Person-job fit across the work lifespan: the case of classical ballet dancers
This study examines how employees assess demands-abilities and needs-supplies across their work lifespan, and how they better adjust to their work. Based on person-environment fit theory, the job design and the lifespan literatures, and using interviews with a sample of 40 professional ballet dancers, our research shows how the interplay between demands, abilities, needs, organizational resources, and regulation strategies contributes to a process of adjustment, and consequently enhances psychological well-being across the work lifespan. Additionally, we contribute to literature on well-being by presenting evidence of how organizational resources are perceived differently across the work lifespan and why. We also extend theory on job crafting by showing that crafting is partly a function of the phases of one's lifetime and by presenting evidence of forms of crafting among older workers. With increased longevity, individuals will need to remain working or recraft a career after reaching retirement age. Addressing age-related changes and considering the importance of organizational resources to well-being can help promote active aging.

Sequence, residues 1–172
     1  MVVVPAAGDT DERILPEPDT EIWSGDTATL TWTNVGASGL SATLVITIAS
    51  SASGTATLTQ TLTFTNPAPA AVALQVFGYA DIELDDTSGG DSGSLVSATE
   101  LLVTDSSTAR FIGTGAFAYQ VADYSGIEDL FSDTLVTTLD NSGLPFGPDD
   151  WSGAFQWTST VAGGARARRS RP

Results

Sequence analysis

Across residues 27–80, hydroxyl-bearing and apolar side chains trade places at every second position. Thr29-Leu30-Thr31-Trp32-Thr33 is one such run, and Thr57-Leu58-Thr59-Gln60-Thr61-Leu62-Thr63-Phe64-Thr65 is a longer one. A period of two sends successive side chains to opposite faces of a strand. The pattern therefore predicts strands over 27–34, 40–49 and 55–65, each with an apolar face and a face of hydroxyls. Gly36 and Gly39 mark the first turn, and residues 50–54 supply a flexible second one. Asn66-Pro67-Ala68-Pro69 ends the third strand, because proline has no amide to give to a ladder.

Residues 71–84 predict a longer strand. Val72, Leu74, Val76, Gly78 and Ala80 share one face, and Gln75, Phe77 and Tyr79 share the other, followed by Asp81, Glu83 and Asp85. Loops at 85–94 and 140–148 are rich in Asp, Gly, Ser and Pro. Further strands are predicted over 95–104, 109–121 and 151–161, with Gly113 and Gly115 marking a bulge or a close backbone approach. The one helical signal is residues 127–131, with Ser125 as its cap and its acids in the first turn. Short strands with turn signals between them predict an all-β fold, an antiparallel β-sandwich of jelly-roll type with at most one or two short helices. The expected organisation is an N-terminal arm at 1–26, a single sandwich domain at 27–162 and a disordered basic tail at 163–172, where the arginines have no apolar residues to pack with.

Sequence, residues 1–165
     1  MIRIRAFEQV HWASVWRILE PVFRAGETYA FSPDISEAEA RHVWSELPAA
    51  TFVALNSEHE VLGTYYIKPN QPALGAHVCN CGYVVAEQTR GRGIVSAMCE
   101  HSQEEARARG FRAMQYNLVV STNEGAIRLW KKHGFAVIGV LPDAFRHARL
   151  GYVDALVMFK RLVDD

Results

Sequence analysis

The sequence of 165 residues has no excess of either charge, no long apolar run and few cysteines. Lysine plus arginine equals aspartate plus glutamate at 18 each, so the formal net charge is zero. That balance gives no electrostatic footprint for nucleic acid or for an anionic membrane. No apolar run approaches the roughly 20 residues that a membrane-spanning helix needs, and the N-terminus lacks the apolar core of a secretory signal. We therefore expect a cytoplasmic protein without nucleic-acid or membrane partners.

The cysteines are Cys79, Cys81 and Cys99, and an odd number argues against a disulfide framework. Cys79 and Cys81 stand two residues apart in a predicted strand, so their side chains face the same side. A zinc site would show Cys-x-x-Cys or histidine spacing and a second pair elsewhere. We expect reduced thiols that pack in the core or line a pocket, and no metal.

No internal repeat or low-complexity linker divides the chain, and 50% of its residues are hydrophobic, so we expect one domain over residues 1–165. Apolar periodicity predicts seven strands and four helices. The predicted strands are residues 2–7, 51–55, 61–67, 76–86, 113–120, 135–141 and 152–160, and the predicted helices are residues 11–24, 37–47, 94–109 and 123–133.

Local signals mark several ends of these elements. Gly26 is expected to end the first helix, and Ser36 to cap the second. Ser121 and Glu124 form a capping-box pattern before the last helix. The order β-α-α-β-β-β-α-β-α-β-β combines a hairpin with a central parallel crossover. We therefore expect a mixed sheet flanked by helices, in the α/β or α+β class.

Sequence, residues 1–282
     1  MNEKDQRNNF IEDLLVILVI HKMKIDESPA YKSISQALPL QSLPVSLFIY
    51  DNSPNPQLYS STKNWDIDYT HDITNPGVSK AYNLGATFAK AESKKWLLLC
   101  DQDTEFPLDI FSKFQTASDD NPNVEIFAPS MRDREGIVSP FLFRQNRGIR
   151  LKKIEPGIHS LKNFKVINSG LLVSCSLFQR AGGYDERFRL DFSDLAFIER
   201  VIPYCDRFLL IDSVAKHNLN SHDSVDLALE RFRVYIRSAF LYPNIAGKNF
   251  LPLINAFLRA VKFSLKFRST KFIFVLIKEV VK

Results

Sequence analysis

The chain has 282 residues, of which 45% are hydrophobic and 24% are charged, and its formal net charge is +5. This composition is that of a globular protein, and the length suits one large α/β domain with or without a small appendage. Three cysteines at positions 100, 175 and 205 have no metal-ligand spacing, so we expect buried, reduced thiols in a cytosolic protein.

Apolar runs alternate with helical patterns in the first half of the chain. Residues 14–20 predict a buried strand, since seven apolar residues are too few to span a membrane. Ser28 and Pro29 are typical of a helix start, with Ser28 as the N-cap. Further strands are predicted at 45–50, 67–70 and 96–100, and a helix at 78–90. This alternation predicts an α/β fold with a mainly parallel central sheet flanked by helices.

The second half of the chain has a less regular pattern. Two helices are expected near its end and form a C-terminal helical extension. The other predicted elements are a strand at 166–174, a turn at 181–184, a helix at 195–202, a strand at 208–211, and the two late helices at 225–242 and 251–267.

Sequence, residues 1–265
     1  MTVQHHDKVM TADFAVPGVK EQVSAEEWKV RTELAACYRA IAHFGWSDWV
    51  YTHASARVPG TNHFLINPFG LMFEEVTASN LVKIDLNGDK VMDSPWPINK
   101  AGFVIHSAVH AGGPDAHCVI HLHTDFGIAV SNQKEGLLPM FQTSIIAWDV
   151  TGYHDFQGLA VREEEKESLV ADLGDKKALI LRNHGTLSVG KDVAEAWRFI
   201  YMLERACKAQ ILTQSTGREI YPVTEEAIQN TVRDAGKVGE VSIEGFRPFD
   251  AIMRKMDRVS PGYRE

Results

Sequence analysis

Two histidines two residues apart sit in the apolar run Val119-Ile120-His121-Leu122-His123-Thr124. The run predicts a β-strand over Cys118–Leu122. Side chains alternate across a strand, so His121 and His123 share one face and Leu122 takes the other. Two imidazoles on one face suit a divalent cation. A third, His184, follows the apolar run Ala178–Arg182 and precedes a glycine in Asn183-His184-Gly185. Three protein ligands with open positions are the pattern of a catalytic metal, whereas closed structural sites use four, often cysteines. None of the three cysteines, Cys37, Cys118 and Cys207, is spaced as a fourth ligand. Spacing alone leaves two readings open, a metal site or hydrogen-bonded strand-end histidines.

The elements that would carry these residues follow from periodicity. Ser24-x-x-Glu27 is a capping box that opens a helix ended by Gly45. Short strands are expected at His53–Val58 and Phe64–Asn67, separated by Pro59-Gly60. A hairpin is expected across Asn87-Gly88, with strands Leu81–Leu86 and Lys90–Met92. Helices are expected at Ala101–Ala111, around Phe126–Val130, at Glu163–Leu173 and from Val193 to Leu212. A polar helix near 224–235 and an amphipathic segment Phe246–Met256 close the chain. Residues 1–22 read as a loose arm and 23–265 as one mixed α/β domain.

Filipa Rocha Rodrigues, Filipa Castanheira, Nova School of Business and Economics, Universidade Nova de Lisboa, Carcavelos, Portugal
Miguel Pina e Cunha Fundação Amélia de Mello Professor of Leadership, Nova School of Business and Economics, Universidade Nova de Lisboa, Carcavelos, Portugal
P. Matthijs Bal, University of Lincoln, Lincoln, United Kingdom
Paul G. W. Jansen, Vrije Universiteit Amsterdam, Amsterdam, the Netherlands
Published in Journal of Vocational Behavior
This work was funded by National Funds through FCT – Fundação para a Ciência e Tecnologia under the project Ref. UID/ECO/00124/2013 and by POR Lisboa under the project LISBOA-01-0145-FEDER-007722.